I rolled by the shop today and checked out the Steam Roller frame set. I was sold and will be building up a bike.
How can you not like a Steamroller? There's one that's been hanging around my family for a decade or so that still gets ridden almost daily. Enjoy yours.

Originally Posted by SkinGriz View Post
The problem I’ve run into in many hobbies is that it might take so long just to find the parts at a reasonable cost that I would have been money and time ahead by just pulling another shift or 2 at work and buying new.

Wrenching is often the fun/easy part. Parts scrounging not so much.
Yup - this is a bad time to be parts shopping. Good luck...
IAmSam is offline  
Old 07-19-21, 07:09 AM
  #16  
helliot
Junior Member
Thread Starter
 
Join Date: Jul 2021
Location: Phoenix, AZ
Posts: 7

Bikes: Haro Group One Mike King Cruiser

Mentioned: 0 Post(s)
Tagged: 0 Thread(s)
Quoted: 8 Post(s)
Likes: 0
Liked 4 Times in 1 Post
Thank you I'm looking forward to getting down with this Orange Shag Carpet beauty. I'm very fortunate that this shop has a good line on quality parts.
helliot is offline  
Old 07-19-21, 03:59 PM
  #17  
helliot
Junior Member
Thread Starter
 
Join Date: Jul 2021
Location: Phoenix, AZ
Posts: 7

Bikes: Haro Group One Mike King Cruiser

Mentioned: 0 Post(s)
Tagged: 0 Thread(s)
Quoted: 8 Post(s)
Likes: 0
Liked 4 Times in 1 Post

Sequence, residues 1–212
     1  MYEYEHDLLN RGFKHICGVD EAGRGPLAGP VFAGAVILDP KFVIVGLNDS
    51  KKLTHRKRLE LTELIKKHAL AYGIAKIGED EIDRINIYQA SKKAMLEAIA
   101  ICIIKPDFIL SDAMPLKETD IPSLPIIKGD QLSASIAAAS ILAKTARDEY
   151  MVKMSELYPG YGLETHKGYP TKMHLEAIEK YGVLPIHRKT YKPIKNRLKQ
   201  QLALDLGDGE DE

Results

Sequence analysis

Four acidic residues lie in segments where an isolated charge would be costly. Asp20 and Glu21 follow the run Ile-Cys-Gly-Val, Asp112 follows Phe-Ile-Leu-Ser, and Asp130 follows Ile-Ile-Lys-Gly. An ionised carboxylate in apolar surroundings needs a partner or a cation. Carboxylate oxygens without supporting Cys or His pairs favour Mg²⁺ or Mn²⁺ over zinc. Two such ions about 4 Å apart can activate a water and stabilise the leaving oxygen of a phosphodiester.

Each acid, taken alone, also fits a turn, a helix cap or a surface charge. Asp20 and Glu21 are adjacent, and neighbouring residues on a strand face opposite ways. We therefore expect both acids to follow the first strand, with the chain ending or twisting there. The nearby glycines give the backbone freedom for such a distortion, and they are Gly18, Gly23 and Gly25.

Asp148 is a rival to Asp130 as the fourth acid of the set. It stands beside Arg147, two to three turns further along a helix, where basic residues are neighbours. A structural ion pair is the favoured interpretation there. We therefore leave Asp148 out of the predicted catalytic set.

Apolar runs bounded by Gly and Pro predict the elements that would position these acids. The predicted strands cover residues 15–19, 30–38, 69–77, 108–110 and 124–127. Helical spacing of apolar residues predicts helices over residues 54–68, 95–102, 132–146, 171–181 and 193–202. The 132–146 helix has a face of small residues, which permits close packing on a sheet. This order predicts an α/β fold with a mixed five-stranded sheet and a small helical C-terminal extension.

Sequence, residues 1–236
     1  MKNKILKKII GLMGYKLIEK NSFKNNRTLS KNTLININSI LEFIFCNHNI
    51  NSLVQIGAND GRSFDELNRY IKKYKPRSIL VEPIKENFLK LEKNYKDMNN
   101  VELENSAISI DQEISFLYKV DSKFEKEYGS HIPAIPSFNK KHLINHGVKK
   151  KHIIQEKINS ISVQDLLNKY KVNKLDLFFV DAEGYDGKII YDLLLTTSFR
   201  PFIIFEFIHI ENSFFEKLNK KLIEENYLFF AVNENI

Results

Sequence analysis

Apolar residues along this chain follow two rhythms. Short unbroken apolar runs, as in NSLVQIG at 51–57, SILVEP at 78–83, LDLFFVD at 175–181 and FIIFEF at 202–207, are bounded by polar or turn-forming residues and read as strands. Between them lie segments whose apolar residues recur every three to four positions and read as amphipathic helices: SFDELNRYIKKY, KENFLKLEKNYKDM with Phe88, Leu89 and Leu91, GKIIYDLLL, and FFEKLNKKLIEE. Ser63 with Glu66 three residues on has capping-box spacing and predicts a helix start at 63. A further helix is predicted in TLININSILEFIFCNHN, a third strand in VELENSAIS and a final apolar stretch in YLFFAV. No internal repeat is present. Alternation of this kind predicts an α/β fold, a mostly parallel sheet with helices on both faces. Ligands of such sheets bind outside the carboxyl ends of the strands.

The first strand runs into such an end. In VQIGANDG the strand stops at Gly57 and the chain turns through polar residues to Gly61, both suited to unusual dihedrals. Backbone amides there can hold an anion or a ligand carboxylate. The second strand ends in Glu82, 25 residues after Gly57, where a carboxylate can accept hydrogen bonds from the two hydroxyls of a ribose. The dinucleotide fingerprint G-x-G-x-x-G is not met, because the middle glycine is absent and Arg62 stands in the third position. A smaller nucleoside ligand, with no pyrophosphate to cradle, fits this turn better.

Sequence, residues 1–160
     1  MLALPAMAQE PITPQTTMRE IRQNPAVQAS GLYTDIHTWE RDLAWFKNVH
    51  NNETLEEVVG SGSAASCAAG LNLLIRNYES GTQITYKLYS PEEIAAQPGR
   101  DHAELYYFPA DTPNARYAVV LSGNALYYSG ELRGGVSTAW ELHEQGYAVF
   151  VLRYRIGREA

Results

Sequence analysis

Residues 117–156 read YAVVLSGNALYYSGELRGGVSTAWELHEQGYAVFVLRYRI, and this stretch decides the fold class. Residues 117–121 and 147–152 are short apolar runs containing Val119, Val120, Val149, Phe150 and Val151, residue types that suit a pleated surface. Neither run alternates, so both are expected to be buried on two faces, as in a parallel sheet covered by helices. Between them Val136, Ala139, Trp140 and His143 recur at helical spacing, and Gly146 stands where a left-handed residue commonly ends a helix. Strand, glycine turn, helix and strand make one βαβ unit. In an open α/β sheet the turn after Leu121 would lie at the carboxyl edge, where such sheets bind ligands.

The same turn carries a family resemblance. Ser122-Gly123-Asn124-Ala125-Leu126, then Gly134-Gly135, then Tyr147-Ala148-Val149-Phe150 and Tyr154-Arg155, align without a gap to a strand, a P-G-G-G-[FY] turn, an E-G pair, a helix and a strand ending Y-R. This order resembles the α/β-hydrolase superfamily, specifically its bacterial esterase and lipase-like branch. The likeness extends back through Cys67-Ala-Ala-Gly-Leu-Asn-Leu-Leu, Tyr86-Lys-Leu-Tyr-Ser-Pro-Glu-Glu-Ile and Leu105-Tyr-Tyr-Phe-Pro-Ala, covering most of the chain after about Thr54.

Test Ride

I havenít purchased anything yet. Iíll be test riding an All City Cycles Professional Single Speed on Wednesday.
helliot is offline  
Old 07-19-21, 04:20 PM
  #18  
TugaDude
Senior Member
 
TugaDude's Avatar
 
Join Date: Nov 2010
Posts: 2,635
Mentioned: 8 Post(s)
Tagged: 0 Thread(s)
Quoted: 331 Post(s)
Liked 267 Times in 200 Posts
Originally Posted by helliot View Post
I havenít purchased anything yet. Iíll be test riding an All City Cycles Professional Single Speed on Wednesday.
All City is a great company. I ride a Big Block and I know some others here do as well. I have zero complaints on mine. Well, the bottle bosses on the seat tube aren't the greatest, but I can live with it. Other than that, ride quality, weight and build quality are top notch. The paint is better than average, IMO.

I'll bet you end up liking that bike after the test ride. Just know that the sizing is a bit different than some. My Big Block I think is listed as 55cm but it rides more like a 57cm or 58cm. Don't buy until you're sure it is going to fit. I assume the test ride will be on the appropriate size.
TugaDude is offline  
Old 07-20-21, 02:21 AM
  #19  
Lazyass
Senior Member
 
Join Date: Jul 2008
Location: Minas Ithil
Posts: 9,054
Mentioned: 62 Post(s)
Tagged: 0 Thread(s)
Quoted: 2319 Post(s)
Liked 436 Times in 279 Posts
The All City's are very sharp but they do look pretty porky to me. If I were going to build a nice road frame that wasn't a Wabi I'd probably spend a little extra and order a Gunnar Street Dog. I've always liked them, I almost bought one on ebay once.
Lazyass is offline  
Old 07-20-21, 11:01 AM
  #20  
Broctoon
Super-duper Genius
 
Broctoon's Avatar
 
Join Date: Aug 2016
Location: Muskrat Springs, Utah
Posts: 986
Mentioned: 18 Post(s)
Tagged: 0 Thread(s)
Quoted: 428 Post(s)
Liked 229 Times in 139 Posts
helliot , All City makes great stuff. They're one of my favorite bike companies. I have their Nature Boy Disc single speed. I've never seen a Professional in person, but I'm sure it's very nice and will serve you well, if that's the one you choose.

You could also do well to get the Steamroller. I have one and like it a lot. It's been one of the best bikes I've ever owned.

Let us know how it goes.